I would say that with occasional exception, players that go to Division 2 or 3 schools have really no intention or a realistic shot at making it to the pros so we can safely say these student athletes just want to get a degree with as little debt as possible and really have little in common with the OAD.

    The great majority of players that go to Division I schools are pretty much the same as above, they want to get a degree and move on with their lives and sometime they try to move up to a better program, not necessarily because it gives them a shot to pro sports, but because it is the highest level they will ever play and after that they are done.

    At the other end we have the elite players that have a set goal, sometimes unrealistic, to move to pro sports as soon as possible. The NBA drafts 60 players every year and a few more get contracts and when you consider the influx of foreign players, maybe 10-20 have a good shot at a career in the NBA and 30-50 will get a shot to the top league. Add another 50 that will play overseas and you have maybe 100 players every year. When you consider there are 351 Division I programs and over 5,000 players, less than 2% of the players are really trying to dictate terms, change the system and ruin it for the other 98% that just want to attend college and play ball while getting a degree.

    I am all in favor of doing away with the NBA one year wait…and OADs…and adopting the baseball model of staying in college of waiting at least 3 years if they decide to go to college in the first place; this benefits both athletes and the schools. Yes, we would miss the one year phenoms but I believe the overall product would be equal or actually better.

    I am with @HighEliteMajor 100% on this. Presumed OADs and elite athletes have options other than college and if they don’t like the rules in place, they do not have to go to college.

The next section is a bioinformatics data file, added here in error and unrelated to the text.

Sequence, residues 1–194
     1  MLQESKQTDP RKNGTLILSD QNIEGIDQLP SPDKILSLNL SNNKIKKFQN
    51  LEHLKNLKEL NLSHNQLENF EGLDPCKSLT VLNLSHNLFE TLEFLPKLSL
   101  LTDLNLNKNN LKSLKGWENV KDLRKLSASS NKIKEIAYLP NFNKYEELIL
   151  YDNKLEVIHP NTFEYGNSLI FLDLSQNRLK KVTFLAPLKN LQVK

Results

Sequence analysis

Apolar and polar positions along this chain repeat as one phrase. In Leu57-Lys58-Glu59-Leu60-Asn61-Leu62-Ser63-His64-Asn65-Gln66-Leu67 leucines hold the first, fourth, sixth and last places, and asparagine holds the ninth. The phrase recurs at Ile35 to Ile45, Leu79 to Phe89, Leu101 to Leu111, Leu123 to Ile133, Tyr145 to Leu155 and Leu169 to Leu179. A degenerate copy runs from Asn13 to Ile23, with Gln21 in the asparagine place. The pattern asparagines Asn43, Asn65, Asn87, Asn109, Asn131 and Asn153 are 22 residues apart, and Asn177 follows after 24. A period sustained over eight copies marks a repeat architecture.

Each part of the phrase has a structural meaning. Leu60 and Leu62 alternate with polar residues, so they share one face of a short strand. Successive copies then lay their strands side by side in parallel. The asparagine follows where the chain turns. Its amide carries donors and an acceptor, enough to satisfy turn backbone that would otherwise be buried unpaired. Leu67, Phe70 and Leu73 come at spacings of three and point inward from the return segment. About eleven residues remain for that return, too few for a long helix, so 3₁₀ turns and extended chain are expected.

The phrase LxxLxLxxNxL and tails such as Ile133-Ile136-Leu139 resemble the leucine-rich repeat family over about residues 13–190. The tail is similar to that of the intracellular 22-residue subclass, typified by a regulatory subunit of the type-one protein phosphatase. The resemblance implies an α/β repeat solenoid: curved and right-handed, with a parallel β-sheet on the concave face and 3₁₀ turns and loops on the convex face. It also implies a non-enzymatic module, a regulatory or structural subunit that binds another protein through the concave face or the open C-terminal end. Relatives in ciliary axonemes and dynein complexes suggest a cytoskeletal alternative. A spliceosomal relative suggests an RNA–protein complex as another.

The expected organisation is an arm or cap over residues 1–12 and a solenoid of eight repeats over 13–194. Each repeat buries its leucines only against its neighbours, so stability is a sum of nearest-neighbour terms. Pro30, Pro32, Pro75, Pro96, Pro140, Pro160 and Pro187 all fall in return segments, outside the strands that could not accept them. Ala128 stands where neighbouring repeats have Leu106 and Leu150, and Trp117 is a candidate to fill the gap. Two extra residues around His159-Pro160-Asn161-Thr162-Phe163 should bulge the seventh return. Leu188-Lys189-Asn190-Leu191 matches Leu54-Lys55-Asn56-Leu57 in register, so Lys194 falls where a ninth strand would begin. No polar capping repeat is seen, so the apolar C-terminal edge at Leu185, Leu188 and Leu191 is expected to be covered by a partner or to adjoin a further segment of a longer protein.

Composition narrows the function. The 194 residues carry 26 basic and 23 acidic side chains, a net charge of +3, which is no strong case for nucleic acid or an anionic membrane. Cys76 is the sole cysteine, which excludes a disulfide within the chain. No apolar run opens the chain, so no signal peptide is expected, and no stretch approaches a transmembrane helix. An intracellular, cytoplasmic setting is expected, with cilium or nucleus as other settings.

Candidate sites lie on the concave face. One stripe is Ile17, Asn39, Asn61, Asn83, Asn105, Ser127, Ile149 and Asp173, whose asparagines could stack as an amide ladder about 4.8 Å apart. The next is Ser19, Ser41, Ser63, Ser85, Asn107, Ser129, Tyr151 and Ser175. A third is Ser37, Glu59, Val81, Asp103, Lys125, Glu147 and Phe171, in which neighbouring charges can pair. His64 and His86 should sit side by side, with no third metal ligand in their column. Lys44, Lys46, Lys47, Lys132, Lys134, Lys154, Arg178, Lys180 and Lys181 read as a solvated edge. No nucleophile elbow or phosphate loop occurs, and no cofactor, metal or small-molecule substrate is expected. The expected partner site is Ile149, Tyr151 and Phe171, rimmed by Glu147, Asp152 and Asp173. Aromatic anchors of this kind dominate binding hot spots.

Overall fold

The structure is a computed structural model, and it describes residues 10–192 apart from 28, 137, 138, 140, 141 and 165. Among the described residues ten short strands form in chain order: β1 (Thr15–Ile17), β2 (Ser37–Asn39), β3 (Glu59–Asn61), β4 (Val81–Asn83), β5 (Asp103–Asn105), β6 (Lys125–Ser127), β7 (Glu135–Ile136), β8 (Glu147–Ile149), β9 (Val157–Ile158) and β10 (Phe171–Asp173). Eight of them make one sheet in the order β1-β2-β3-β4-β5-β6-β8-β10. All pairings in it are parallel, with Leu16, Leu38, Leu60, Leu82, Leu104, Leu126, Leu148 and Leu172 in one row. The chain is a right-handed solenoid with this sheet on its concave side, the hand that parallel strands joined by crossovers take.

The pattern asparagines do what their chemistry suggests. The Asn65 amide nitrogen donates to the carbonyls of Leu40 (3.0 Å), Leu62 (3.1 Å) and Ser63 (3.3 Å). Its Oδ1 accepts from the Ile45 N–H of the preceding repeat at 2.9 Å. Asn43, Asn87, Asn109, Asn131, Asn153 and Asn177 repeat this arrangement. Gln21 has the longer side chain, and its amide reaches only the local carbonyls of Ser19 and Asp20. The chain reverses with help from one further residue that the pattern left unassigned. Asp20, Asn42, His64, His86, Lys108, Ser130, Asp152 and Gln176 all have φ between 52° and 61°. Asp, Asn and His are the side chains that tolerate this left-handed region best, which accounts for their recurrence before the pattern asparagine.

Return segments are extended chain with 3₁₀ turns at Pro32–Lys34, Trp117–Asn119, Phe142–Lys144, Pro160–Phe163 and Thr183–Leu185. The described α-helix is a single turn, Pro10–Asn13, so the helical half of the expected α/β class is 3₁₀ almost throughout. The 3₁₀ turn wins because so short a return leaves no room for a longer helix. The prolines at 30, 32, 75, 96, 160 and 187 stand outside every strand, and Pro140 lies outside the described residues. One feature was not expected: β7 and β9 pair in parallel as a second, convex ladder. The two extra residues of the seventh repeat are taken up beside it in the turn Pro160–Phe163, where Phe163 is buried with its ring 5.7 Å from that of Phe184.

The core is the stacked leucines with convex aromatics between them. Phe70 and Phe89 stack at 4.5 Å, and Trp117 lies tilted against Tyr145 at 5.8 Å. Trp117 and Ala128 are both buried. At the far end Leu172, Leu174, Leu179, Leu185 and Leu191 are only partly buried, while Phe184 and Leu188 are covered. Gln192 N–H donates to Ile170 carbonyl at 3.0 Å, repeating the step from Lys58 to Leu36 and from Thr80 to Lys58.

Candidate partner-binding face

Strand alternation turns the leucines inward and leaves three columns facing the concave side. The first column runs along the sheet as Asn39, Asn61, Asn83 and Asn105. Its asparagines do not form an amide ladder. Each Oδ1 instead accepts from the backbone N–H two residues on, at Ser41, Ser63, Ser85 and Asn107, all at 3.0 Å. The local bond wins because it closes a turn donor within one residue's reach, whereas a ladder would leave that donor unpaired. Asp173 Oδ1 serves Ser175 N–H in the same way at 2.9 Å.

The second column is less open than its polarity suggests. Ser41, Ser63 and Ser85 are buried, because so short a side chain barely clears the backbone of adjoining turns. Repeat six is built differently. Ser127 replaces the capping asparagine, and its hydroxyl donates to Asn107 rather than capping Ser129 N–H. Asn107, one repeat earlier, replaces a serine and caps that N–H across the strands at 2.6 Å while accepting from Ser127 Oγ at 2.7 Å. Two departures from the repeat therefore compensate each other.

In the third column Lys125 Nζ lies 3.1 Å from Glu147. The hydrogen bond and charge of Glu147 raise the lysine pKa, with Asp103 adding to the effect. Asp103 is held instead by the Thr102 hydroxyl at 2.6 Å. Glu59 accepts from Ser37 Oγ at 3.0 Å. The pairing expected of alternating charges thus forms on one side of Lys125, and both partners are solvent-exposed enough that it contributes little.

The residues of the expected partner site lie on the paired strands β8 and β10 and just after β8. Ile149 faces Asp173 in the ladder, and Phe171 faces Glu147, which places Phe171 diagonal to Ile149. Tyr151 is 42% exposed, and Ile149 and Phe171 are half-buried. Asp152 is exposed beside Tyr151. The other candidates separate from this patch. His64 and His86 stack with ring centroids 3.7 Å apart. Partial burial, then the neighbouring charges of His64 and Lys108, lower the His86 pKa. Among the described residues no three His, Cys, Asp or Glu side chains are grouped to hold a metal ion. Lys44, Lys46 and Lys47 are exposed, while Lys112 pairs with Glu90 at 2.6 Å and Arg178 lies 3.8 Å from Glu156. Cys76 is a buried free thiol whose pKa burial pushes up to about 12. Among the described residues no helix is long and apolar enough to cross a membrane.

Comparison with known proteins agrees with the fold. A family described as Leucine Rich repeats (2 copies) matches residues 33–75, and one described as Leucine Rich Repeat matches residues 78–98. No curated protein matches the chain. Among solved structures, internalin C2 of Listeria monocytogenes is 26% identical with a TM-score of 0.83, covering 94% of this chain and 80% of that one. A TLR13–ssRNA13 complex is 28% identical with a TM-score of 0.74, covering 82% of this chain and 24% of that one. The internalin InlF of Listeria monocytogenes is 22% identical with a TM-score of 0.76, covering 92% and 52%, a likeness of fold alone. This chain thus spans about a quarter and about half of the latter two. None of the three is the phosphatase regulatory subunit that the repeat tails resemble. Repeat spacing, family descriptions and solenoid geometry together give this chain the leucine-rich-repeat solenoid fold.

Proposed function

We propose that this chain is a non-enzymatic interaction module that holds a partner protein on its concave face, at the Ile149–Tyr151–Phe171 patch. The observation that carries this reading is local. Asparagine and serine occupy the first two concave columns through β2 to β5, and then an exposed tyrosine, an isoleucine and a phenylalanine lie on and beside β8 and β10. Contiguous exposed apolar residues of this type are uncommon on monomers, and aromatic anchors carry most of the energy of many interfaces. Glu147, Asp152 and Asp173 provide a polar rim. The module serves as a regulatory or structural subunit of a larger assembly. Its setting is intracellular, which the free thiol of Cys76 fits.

• @DanR

    Vick is a good example. He’s not eligible to be a grad transfer because he hasn’t completed his undergraduate degree. It’s tough for him to transfer because he’s a sit one to play one guy. It’s unlikely that he is in a position to simply pay for his own education.

    But KU doesn’t have to renew his scholarship. They can simply offer it to someone else and Vick has no way of forcing KU to honor their commitment to him, because the commitment is year to year, not four years.

    What Vick could do is contact strong D2 programs as a transfer candidate. Vick immediately becomes a D2 AA candidate and his team immediately becomes a national title threat. Because its dropping down a level, he can play immediately. And of course, he can use the year to prepare himself for pro ball next year.

    Of course, if that happens, if/when he does make it to the pros, it will list that school, not KU, as his college. But that seems fair to me given that KU opted not to renew his scholarship.

    @JayHawkFanToo

    OADs and potential OADs aren’t going to be affected by this transfer rule. They will be pros long before that. This rule overwhelmingly affects student athletes that are not looking to turn pro. This isn’t an OAD focused rule. This is a rule change that would benefit student athletes that are specifically using college athletics to allow them to get an education.

    I picked a random low D1 school, Wofford, and looked at their rosters from 2016-17 and 2017-18. It took me two minutes to find a kid that left the team after their freshman year - Justin Tucker. Rather than transfer and sit, he went to a juco for a year and is now looking at other 4 year offers. That happens literally every year at lower D1 programs. Typically, the kid announces that they are transferring closer to home, or to a juco, but the truth is their scholarship wasn’t being renewed, and they were told at their post season meeting to find a place to go, because their scholarship would not be there in the fall.